I too rise this evening to offer my heartfelt and sincere condolences to the Australian families and, indeed, the American families who've lost their loved ones in these catastrophic Australian bushfires, this climate emergency that we are now experiencing. I can't imagine what it has been like and continues to be like for those families who are mourning their loved ones—fathers, husbands and sons—who won't be returning home. It is an absolute tragedy—that loss of life. For those Australians who lost their lives fleeing from the fire, or who've been found in their properties, that was a horrific experience. Again, my heartfelt condolences go to their families.
Many years ago as a young woman I too was a volunteer firefighter in Byford in Western Australia. I was in the Byford volunteer fire service. I can say that, sometimes when we were doing back-burning or we were out saving property, it was scary. But the fires that we dealt with were nothing—nothing—like the fires that we've seen over this summer, over the last several months.
The other thing that concerns me is that we're now changing our language. When I used to fight fires, we were able to put them out, but now in this season we've seen these megafires which are almost, seemingly, impossible to put out. We've seen the unprecedented use of equipment, of the Reserve forces, of thousands and thousands and thousands of volunteers, of paid service, and yet these fires continue. This is a different age. This is a different emergency. This is a climate emergency. And we cannot deny it. Yes, we were forewarned about it. This morning Senator Wong alluded to comments that she made in 2003 about a future fire crisis.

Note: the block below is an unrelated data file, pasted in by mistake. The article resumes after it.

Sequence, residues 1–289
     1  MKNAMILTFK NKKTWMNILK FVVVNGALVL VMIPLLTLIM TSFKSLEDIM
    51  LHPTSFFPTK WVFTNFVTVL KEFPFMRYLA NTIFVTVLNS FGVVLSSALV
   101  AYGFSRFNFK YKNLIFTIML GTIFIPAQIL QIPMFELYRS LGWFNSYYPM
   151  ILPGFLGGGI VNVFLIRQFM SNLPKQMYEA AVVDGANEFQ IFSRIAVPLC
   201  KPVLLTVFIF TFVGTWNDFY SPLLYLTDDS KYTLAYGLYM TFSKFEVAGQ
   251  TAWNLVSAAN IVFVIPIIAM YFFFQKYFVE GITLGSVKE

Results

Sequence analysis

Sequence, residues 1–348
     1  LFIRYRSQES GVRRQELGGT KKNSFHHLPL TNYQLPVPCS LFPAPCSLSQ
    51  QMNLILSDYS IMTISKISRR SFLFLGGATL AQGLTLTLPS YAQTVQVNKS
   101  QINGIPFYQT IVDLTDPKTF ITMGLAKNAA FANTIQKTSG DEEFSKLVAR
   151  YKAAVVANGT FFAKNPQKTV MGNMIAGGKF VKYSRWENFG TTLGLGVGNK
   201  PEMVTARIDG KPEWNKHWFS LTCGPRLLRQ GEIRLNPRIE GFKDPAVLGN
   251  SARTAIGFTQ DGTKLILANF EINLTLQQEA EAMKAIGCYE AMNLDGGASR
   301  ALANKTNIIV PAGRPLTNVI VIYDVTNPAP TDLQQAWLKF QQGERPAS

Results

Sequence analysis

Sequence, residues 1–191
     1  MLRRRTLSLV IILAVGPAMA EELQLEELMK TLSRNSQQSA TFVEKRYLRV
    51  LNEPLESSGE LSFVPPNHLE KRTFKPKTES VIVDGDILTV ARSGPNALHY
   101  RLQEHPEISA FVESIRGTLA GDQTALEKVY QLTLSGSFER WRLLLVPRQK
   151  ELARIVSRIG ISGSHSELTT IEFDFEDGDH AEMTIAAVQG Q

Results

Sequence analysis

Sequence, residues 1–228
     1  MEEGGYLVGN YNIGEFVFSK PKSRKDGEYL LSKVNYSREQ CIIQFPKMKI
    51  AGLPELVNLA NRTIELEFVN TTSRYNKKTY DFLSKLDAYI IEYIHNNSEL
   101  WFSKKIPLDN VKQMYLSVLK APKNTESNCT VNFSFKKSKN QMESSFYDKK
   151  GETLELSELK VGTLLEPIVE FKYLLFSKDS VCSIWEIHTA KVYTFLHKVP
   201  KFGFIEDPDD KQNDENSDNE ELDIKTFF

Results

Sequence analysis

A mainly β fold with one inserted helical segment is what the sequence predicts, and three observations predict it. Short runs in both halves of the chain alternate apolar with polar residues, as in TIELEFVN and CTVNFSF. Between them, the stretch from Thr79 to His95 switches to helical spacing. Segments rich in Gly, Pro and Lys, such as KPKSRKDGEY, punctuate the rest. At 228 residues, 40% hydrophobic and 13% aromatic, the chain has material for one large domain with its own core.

I can't watch the images of Australian wildlife anymore. To see those animals fleeing for their lives, to see them burnt, is absolutely horrific. I can't imagine what it is like to pick yourself up and start all over again, having lost everything that you held near and dear in your family among your possessions, and just, for some people, having the clothes they stood in and a handful of possessions. I can't imagine, if I were faced with developing a fire plan, what I might take and what I would leave behind. I can't imagine how much courage it takes to make that decision to stay and defend your property. It's not a decision I would take, but I do respect those that take that decision and the courage that they must have, when we've seen the onslaught of those flames. And, yes, it's going to take many, many years to recover from this. But this is our opportunity to learn, to be united and to act as a parliament to respond to this emergency.
We have new language now. I have never heard fires in Australia be described as 'megafires' before. I've heard those victims, heard 'Armageddon' being used. I'm sure all of us were fearful for those on Mallacoota beach as they watched those flames come closer and closer. The heat, the smoke, the intensity must have been overwhelming for those families with young children, with elderly relatives, waiting, wondering and fearful. I can't imagine the level of anxiety of those who've lived with this threat for months and months and months, who've breathed in the smoke that's been around for months.
When I flew into Canberra on Sunday, I flew into a territory that had declared a state of emergency. A state of emergency was what was being declared as I flew in. Today, ironically, we again have smoke all around the building. And, to those Australians who today came here and stood around the parliament imploring us to do more, we must accept the science of climate. We must consider climate as we develop a response. It's not enough to say, 'This is the new normal.' Smoke masks, states of emergency, thousands of volunteer hours being spent every summer—that's not the response we need. We need to act now to do something positive around climate change, this climate emergency that we are facing, before it is too late.
I urge the government to take the leadership, to do the brave thing, to ignore those on your side who are denying that this is a climate emergency, to now stand up and to show leadership. That's what Australians want, whether they've been victims of this catastrophic fire season or whether they're ordinary Australians outside the parliament today imploring us to do more. Now is the time.